An amplification of my American Thinker article about public school’s failure to teach children to fear true enemies
gpc31 left a comment that so perfectly amplifies the point I was making in my American Thinker article, it deserves to be elevated to post level:
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I’d like to sketch a few conjectures on why we, or at least our intelligentsia, bend over backwards to deny the reality of modern enemies:
1) I think that it is essentially a form of wish fulfillment, i.e., if I don’t hate them, they won’t hate me. Unfortunately, this approach founders on the simple fact that it takes two to make peace but only one to make war. It is a slippery slope from the disappointment of high-minded intentions down to the practice of cowardly appeasement, and all too easy to rationalize ones motives along the way.
2) There is a closely related second psychological mechanism connected to the desire for a rational and humane society. It contains a worthy germ of moral idealism within and depends on the (overvalued) power of good intentions and the idea of reciprocity. Again, if I demonstrate my good intentions and rationality, surely the “other” will do the same in return. But what happens if, instead of a handshake, I get punched in the nose? Clearly, good intentions are not enough, and not everyone is rational (at least not rational on the same scale; otherwise, what good is multi-culturalism? The Left is incoherent and thus self-contradictory here.)
3) The liberal cocoon. Victor Davis Hanson has done a wonderful job of skewering the mentality behind the EU conflict resolution model in a therapeutic world. It’s not bad for Europe, given its bloody history.
4) Kant is the great philosophical progenitor of the twin themes of good intentionality and political rationality. He wrote an influential essay entitled “On Perpetual Peace.” His modern day descendant in social contract theory is the enormously influential John Rawls.
5) Kant was reacting against a Hobbesian state of nature, a war of all against all, which is the natural state of international relations. Hence the desire for a world government to create a kind of peace.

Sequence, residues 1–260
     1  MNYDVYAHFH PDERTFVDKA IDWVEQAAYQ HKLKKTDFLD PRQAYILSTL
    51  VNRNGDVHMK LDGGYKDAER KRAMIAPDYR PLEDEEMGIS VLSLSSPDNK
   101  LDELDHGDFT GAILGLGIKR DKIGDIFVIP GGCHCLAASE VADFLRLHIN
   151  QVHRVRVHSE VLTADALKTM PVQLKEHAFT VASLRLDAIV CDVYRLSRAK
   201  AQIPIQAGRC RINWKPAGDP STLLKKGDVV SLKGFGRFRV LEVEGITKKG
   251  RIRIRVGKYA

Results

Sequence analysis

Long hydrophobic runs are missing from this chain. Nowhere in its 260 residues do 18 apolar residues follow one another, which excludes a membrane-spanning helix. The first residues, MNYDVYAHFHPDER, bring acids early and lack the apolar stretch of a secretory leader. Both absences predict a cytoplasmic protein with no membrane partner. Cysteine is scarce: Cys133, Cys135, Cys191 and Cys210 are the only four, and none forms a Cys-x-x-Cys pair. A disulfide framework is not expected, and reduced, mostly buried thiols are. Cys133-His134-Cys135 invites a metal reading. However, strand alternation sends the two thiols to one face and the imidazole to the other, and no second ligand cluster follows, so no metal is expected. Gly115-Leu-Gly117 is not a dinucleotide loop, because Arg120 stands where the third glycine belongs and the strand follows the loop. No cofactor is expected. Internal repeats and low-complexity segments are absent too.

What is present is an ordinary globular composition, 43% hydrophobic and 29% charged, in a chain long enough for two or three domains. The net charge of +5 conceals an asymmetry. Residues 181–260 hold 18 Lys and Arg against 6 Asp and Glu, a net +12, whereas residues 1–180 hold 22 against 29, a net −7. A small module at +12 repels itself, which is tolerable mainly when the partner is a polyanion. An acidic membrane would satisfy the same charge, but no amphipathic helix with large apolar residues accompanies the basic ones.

6) This desire for a world government is one reason why the Left denies American exceptionalism and denigrates American sovereignty at every opportunity. Multiculturalism is merely a stalking horse; it is theoretically incoherent, and is therefore really just another form of self-loathing.
7) The liberal impulse for inclusion provides another reason to deny the existence of enemies: If there is no “us vs. them,” then there can be no war. (An obvious fallacy but psychologically appealing.) Historically, liberals have sought to continually expand the franchise–democratic rights, voting rights, economic rights, civil rights, social rights (gay marriage), etc… — so from their perspective, why not give health care to illegal aliens, or rights to animals (I am NOT equating illegal aliens with animals; the idea is to demonstrate a perpetual widening of the political horizon). This impulse also fits in nicely with the Left’s desire for egalitarianism (i.e., leveling).
8) Our elites, and the rest of the world, fear what an enraged America is capable of once at war. Hence the reluctance to even name enemies. Hence the phony moral equivalence. It is a case of Gulliver being strapped down by the Lilliputians, with the twine made up of U.N. resolutions and threats from the Hague. God forbid that we show footage of people jumping from the towers, or other victims of jihad. Instead we play up Gitmo. Why? So as to not enrage the populace.
9) I might add that it is an unrealistic form of moral vanity and condecension to think that we are so mighty and morally pure good that we can win wars with one hand tied behind our back. War is a grave business.
10) Finally, intellectuals tend to value words over deeds and are not noted for their physical courage.
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